That powertrain comprises two separate pieces, one per axle. Up front, an electric motor powers the wheels, fed by a liquid-cooled lithium-ion battery pack with a usable energy capacity of about 5 kilowatt-hours. At the rear, a high-output turbocharged three-cylinder drives the rear wheels, making the i8 almost a mid-engine vehicle. It can run solely on electricity, as a sporty hybrid, or with both operating together for maximum performance. It's known as a "through-the-road" hybrid, with each mode of propulsion coordinated via control software but not mechanically connected, even when they are used together for maximum performance or to provide all-wheel drive.
BMW's 1.5-liter 3-cylinder engine is showing up in a variety of vehicles, mostly Minis, but the i8 had it first, and it still has the most powerful version. It's rated at 228 horsepower and 236 pound-feet of torque, and it drives the rear wheels through a 6-speed automatic transmission. The front electric motor is rated at 96 kilowatts (131 hp) and 184 lb-ft of torque; it can power the car alone at speeds up to 75 mph.
The i8's all-electric range is among the lowest for plug-in hybrids, but while the EPA rates it at 15 miles, BMW says its Max E-Mode setting (which dials down the fun quotient) may provide up to 22 miles. On the other end of the scale, it provides a sort of boost that adds to engine torque in the high-performance Sport mode. Driving settings and modes abound, in fact: as well as three driving modesâ€”Max E-Mode, Comfort, and Sportâ€”an EcoPro function can be overlaid on the first two, raising energy efficiency and range by capping acceleration and other energy uses.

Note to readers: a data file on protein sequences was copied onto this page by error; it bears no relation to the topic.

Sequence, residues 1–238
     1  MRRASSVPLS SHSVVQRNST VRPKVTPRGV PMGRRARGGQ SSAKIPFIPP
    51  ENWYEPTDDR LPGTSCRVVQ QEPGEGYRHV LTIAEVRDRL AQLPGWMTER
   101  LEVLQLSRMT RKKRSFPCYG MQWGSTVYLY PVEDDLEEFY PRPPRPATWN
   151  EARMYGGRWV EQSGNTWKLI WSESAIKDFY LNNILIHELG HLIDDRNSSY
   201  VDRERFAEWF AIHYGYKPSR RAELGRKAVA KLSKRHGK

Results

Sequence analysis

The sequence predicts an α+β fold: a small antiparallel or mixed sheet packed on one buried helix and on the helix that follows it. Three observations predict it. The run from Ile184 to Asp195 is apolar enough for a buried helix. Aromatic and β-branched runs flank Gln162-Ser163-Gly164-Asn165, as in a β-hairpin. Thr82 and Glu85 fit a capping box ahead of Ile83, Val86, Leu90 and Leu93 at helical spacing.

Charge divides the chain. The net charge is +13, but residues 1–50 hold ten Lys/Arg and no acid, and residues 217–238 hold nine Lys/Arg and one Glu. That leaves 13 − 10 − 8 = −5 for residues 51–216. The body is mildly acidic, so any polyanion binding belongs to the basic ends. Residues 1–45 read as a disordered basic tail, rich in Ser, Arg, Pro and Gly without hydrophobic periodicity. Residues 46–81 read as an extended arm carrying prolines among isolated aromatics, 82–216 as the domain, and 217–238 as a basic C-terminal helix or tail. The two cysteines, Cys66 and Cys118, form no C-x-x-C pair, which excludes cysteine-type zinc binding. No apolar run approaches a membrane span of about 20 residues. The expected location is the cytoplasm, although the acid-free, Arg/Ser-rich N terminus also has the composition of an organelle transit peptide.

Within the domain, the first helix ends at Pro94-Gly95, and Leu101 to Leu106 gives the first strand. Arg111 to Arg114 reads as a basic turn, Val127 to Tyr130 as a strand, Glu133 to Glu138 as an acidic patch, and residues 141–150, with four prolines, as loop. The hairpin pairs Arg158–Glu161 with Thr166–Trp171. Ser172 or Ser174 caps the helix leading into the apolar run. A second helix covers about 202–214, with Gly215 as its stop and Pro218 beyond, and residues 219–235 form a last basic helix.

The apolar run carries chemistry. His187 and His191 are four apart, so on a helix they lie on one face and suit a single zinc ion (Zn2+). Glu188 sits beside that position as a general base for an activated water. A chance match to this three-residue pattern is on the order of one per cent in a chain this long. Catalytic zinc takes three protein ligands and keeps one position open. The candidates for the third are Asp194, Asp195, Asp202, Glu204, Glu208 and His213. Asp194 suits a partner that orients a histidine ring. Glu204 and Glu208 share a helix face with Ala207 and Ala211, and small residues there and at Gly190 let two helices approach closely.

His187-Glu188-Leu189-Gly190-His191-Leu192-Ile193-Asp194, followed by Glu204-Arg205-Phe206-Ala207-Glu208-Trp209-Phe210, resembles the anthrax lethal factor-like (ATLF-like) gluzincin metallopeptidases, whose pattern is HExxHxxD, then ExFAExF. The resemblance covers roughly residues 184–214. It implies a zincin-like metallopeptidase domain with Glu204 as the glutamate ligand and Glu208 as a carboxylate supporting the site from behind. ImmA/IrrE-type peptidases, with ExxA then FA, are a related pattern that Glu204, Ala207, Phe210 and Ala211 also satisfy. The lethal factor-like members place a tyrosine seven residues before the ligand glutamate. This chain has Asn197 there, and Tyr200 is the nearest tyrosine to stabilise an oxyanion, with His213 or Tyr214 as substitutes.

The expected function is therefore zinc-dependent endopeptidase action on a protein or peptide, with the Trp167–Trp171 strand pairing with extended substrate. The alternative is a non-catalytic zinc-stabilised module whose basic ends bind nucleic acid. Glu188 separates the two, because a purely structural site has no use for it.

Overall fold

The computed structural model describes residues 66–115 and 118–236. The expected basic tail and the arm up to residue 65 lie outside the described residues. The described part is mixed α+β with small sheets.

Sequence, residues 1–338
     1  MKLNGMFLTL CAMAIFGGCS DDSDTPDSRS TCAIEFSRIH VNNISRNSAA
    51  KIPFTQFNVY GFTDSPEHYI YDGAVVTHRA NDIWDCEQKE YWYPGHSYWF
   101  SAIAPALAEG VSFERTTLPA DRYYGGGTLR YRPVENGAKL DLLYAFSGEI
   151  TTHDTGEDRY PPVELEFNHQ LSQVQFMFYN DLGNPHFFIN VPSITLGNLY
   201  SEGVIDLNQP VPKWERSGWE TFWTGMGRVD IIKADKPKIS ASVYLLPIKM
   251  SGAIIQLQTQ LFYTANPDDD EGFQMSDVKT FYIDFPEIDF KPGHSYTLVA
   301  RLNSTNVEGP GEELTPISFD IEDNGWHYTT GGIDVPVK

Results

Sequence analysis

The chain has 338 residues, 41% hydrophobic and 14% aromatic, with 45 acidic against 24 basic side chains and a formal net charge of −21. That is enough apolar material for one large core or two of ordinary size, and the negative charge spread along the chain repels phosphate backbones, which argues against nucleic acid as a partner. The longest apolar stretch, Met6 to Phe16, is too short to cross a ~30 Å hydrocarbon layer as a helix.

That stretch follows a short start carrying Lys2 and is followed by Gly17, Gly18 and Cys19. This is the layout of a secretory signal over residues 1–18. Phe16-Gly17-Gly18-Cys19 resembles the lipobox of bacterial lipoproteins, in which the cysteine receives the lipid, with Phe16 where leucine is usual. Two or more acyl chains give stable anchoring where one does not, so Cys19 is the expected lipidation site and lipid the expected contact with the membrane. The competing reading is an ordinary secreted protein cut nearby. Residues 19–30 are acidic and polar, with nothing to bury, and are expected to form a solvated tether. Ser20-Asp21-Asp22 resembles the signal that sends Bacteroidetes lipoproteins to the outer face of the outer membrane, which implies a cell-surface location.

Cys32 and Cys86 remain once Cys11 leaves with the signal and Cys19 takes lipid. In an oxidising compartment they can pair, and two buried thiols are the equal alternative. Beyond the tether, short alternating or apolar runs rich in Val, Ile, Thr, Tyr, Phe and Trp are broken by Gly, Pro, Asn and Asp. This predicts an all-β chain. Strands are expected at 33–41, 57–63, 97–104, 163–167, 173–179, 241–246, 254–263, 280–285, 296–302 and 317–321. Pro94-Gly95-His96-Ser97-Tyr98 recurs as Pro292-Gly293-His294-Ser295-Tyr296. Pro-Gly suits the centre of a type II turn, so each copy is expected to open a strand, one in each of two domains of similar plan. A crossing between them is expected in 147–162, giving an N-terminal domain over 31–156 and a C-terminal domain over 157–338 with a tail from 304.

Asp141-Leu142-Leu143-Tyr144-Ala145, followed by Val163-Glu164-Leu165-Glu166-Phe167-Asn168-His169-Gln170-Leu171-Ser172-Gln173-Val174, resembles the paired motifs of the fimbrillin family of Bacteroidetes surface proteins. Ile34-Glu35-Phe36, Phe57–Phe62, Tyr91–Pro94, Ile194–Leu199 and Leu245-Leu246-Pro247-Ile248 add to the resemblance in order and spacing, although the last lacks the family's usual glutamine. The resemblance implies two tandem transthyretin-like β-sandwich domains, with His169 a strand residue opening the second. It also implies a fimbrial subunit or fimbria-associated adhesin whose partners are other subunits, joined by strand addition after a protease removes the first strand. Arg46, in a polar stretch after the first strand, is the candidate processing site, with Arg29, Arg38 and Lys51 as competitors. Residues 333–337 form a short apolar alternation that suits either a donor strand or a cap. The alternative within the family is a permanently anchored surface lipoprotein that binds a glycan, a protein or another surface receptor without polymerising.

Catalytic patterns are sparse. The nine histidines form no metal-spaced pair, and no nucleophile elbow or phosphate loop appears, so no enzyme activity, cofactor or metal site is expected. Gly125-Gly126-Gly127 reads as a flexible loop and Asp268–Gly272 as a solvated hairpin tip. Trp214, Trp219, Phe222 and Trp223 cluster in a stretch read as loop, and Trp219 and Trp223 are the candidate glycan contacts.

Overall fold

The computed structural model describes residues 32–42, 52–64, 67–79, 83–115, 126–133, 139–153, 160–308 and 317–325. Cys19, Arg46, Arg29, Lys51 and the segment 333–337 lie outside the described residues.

Comfort, safety, and features
The i8's default Comfort mode utilizes each powertrain individually or together in a more efficient manner, operating like a hybrid once the battery becomes depleted. When it runs as a gas-fueled hybrid, the i8 is rated at 28 mpg, which is good for a high-performance sporty coupe. The EPA says that the i8 scores 76 MPGe, the distance a vehicle can travel using the amount of energy in a single gallon of gasoline, when it's driven on purely electric power.
In day-to-day use, the i8 motors along quietly at urban speeds in all-electric mode. Head to the highway and, in Normal, it is an efficient hybrid. Select Sport mode and things get quicker and also louder as the i8 transforms into a proper sporting car capable of storming over hill s and around curves in a "supercar-light" fashion. It's best considered a touring car, though, and not a proper track car.
For 2017, the BMW i8 starts at over $140,000, including a mandatory $995 delivery and handling fee. That puts it into a rarefied sector of costly two-seat performance cars. Last year,BMW received full federal approval for its laser headlights, which are an extra-cost option over the standard LED units. They're stunningly effective and provide a nearly daylight-level illumination of the road ahead.
Do more than a small handful of buyers looking to drop six figures on a sporty car even care about fuel efficiency and sustainability? We think the BMW i8 would sell just as well if it were powered by coal. But its advanced technology, innovative materials, and light weight make it a high-tech icon. We suspect the company will sell every one of them it can make.